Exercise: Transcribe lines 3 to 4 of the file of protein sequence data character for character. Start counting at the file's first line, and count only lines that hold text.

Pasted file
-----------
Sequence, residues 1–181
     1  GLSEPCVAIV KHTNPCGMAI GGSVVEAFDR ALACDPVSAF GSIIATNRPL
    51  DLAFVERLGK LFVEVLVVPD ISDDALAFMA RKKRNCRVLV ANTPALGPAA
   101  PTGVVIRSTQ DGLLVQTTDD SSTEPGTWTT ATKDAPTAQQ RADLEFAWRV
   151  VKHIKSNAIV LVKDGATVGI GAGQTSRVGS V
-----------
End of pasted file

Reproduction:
    51  DLAFVERLGK LFVEVLVVPD ISDDALAFMA RKKRNCRVLV ANTPALGPAA
   101  PTGVVIRSTQ DGLLVQTTDD SSTEPGTWTT ATKDAPTAQQ RADLEFAWRV